Where business relationships are formed, or one-off transactions are carried out, in the course of relevant business (defined in regulation 2), the guys carrying out such relevant business are required to maintain certain identification procedures (regulation 4), record-keeping procedures (regulation 6) and internal reporting procedures (regulation 7) and to establish other appropriate procedures for the purpose of heading off or stopping money laundering (regulation 3(1)(b)). They are also required to train their employees in those procedures and, more generally, in being able to notice money laundering transactions and the law relating to money laundering (regulation 3(1) (c)). A person doesn't follow the procedures or carry out the training is guilty of a criminal offence (regulation 3(2)).
Regulation 8 provides that casino8 operators must obtain decent evidence of the identity of all people using their gaming facilities. On the other hand Regulation 9 requires the Commissioners of Customs and Excise to keep a register of money service operators and a register of high value dealers and regulations 10-11 state the registration requirements placed on such persons. Regulation 12 lists the grounds on which registration may be refused by the Commissioners, including where information which has been supplied is incomplete, false or misleading. Regulation 13 lists the circumstances in which registration may be cancelled by the Commissioners. Regulation 14 allows the Commissioners to charge fees.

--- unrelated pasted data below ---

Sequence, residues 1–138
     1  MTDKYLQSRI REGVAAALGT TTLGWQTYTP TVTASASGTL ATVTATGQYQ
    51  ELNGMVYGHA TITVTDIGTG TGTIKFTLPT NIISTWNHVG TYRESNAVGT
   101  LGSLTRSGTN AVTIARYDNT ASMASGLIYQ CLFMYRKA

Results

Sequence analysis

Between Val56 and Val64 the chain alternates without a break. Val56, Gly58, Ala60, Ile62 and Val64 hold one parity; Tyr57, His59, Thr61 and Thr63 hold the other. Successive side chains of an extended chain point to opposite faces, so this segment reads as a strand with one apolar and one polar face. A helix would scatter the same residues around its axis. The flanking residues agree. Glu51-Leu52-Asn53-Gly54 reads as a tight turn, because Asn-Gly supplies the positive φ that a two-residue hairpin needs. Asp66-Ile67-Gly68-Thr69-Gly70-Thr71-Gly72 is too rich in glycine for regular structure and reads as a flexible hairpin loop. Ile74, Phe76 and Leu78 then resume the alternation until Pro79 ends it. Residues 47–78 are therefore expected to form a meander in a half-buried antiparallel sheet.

Regulations 15 to 19 state the powers of the Commissioners in relation to money service operators and high value dealers, including a power to enter and inspect premises. Where there are reasonable grounds for believing that an offence under the Regulations is being, has been or is about to be committed by a money service operator or high value dealer, the Commissioners may seek a court order requiring any person in possession of certain information to allow them access to it.
Regulation 19 allows the Commissioners to enter premises with a warrant, to search persons and to take away documents. Regulation 20 allows the Commissioners to impose a civil penalty in certain circumstances. Regulation 21 provides a mechanism for a formal review by the Commissioners of their decisions. Regulation 22 provides for appeals against the Commissioners' decisions to be heard by a VAT tribunal. Regulation 23 allows the Commissioners to prosecute offences under the Regulations.
Regulation 24 allows fees and penalties to be recovered as a civil debt. Regulation 25 requires people who are authorised by the Financial Services Authority ("the FSA") to inform the FSA before they operate bureaux de change. The Regulations make solicitors/other professionals obtain sufficient knowledge of new clients, to ensure record keeping of transactions, to have in place procedures in the partnership to report money laundering and to educate and train staff to know potential money laundering activities by clients and potential clients when they see it.